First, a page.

HC Deb 01 June 1836 vol 33 cc1238-332
Lord John Russell

said, that notice of an amendment to the Order of the Day for the Second Reading of the Irish Church Bill having been given by the noble Lord opposite (Lord Stanley), he rose to state that he should offer no opposition to the introduction of the noble Lord's bill, if the noble Lord's motion was submitted to the House as a substantive one. He should then treat it in the same way as he last year dealt with a motion made by the Chief Secretary for Ireland for leave to bring in a bill relative to tithe in Ireland, and as he had dealt with the motion of the right hon. Baronet (Sir R Peel) for a bill to provide for the voluntary commutation of tithe—that was to say, he should offer no opposition to the bringing in of the bill. But if the noble Lord's motion were to be made as an amendment to the order of the day, it would of course be impossible for him to agree to it.

Lord Stanley

said, it was undoubtedly his wish to have his bill brought in, and he was also anxious to take that course which would at once be convenient to the Government, and likely to insure a fair consideration, both of his proposition and that of the Government. It had been his object to avoid the inconvenience of making his motion as an amendment to the second reading of the Ministerial Bill, but undoubtedly he did mean to offer his measure as a substitute for that. He would, therefore, take the liberty of asking a question in answer to the one which had been addressed to him. He wished to know whether, if he were to bring in his bill, his noble Friend would object to postpone for three weeks the second reading of the Government measure, in order to allow time for the printing and full consideration of his (Lord Stanley's) bill?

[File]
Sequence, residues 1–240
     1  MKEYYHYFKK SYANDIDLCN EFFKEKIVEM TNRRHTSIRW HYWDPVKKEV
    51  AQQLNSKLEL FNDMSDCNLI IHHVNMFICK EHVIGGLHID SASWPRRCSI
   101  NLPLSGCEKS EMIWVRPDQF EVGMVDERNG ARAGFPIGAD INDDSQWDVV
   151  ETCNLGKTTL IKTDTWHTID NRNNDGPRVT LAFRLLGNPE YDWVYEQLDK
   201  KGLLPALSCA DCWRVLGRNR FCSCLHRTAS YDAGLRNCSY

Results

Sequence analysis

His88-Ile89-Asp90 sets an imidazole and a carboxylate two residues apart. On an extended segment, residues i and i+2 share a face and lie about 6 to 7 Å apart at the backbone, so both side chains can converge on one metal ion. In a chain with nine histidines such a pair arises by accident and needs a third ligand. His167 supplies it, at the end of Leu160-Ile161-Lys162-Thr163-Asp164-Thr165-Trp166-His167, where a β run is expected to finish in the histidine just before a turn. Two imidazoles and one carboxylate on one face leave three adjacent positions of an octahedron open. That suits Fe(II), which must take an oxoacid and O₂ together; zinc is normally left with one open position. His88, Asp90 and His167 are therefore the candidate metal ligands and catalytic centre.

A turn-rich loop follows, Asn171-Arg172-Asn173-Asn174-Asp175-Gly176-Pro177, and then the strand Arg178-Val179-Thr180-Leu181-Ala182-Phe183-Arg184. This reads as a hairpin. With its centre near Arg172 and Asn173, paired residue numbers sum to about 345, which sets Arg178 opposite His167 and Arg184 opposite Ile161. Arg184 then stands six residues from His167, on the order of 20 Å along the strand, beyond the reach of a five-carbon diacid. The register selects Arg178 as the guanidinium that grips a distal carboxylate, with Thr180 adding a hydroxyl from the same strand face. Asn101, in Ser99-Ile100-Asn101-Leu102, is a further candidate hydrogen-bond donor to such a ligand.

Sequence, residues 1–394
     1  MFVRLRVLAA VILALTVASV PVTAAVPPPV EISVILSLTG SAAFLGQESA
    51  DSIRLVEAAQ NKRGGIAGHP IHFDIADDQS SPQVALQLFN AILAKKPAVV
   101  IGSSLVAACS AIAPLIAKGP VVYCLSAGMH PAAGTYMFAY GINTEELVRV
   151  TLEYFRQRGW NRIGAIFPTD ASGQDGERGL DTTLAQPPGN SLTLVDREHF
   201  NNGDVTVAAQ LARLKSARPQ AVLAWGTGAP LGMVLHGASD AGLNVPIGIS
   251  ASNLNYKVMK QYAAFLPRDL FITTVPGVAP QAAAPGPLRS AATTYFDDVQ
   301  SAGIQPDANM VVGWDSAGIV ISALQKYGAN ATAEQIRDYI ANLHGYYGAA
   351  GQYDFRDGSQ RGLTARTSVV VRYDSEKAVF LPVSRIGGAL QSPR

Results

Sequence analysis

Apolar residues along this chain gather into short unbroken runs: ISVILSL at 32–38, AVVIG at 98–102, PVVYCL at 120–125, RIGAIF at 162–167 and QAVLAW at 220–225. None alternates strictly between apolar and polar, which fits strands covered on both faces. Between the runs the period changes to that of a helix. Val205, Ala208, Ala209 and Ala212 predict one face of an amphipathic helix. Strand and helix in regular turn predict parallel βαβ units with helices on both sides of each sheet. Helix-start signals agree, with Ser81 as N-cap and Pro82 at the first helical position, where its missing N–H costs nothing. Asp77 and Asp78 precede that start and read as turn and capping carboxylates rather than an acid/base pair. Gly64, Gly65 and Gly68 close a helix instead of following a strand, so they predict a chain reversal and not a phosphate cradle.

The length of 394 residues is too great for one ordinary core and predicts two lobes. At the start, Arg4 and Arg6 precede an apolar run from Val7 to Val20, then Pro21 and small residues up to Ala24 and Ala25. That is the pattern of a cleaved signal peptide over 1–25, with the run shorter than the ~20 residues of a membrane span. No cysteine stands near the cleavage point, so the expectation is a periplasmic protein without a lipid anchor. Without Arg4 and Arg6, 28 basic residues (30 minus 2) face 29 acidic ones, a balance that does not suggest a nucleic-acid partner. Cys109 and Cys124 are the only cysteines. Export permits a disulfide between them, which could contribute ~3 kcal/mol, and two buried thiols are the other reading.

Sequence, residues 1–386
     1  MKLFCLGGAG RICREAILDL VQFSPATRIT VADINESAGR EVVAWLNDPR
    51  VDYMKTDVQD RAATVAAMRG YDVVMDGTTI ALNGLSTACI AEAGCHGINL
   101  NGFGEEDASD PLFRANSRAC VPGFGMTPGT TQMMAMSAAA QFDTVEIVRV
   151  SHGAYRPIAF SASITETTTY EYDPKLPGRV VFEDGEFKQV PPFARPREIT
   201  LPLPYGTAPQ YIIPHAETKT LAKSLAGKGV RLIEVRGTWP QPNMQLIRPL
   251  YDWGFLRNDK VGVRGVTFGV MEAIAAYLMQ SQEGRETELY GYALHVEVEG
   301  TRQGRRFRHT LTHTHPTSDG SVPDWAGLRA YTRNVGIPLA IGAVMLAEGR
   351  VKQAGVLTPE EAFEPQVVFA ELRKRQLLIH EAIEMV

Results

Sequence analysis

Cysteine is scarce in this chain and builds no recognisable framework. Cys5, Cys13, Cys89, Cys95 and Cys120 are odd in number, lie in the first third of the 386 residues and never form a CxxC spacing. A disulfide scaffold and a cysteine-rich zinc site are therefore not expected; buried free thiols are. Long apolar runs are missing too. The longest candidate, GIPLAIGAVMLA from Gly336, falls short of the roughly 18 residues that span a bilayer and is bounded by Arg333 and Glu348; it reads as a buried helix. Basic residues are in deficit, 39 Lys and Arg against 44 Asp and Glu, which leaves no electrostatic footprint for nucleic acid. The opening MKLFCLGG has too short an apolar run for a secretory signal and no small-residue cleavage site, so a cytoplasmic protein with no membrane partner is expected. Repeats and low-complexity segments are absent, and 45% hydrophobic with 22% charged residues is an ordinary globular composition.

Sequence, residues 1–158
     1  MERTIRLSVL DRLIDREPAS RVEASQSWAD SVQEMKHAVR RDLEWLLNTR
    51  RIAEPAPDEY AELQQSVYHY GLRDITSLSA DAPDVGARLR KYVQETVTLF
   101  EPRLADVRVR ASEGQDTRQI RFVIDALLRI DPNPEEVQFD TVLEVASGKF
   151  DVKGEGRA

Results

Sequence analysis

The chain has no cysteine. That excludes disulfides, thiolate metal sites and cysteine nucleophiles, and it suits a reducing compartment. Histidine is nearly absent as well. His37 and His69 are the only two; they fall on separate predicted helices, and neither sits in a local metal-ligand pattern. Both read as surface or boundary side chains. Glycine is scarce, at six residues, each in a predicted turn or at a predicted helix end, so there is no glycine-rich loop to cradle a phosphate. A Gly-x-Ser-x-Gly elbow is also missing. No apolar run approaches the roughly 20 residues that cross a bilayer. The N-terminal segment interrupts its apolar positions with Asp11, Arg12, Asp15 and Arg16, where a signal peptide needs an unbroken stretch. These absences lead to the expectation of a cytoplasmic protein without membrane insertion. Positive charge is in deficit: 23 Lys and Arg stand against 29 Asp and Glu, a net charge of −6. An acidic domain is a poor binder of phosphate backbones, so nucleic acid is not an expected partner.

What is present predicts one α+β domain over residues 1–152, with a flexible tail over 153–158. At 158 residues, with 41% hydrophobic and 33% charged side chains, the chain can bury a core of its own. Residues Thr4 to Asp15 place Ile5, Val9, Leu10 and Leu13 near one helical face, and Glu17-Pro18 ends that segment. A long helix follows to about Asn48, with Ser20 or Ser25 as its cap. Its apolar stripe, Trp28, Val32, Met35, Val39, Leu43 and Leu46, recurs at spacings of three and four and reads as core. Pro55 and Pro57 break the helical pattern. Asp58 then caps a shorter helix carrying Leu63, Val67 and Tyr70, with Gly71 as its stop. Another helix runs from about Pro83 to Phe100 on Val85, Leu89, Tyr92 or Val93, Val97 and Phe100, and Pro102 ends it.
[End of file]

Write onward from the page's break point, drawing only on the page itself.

Lord John Russell

undoubtedly would not consent to the postponement of the second reading of the Irish Church Bill. It had now been some time before the House, and hon. Gentlemen must be quite ready to come to a decision on its principle. It was not his intention to propose the commitment of the bill until some time hence; but he could not postpone the second reading of the bill.

Sir Robert Peel

begged to say, that the course which the noble Lord (Lord J. Russell) proposed to pursue, of pressing his bill to a second reading, before his noble Friend (Lord Stanley) had an opportunity of introducing his measure, was contrary to the course taken with regard to his (Sir R. Peel's) bill for the voluntary commutation of tithe. It was true, that the noble Lord permitted the introduction of that bill; but when he (Sir R. Peel) proposed to read the bill a second time, an objection was taken to such a proceeding, on the part of one of the Ministers, on the ground that the House could not allow of the second reading of the bill, as a matter of course, because that would be an affirmation of its principle. If, therefore, the noble Lord was anxious now to pursue the same course as had been taken with respect to the bill for the voluntary commutation of tithe, he would consent to the postponement of the second reading of the Irish Church Bill, until the measure of his noble Friend (Lord Stanley) was introduced.

Lord John Russell

could not consent to the postponement of the second reading of the Irish Church Bill.

The Order of the Day for the second reading of the Tithe Bill (Ireland) was read.

Lord Stanley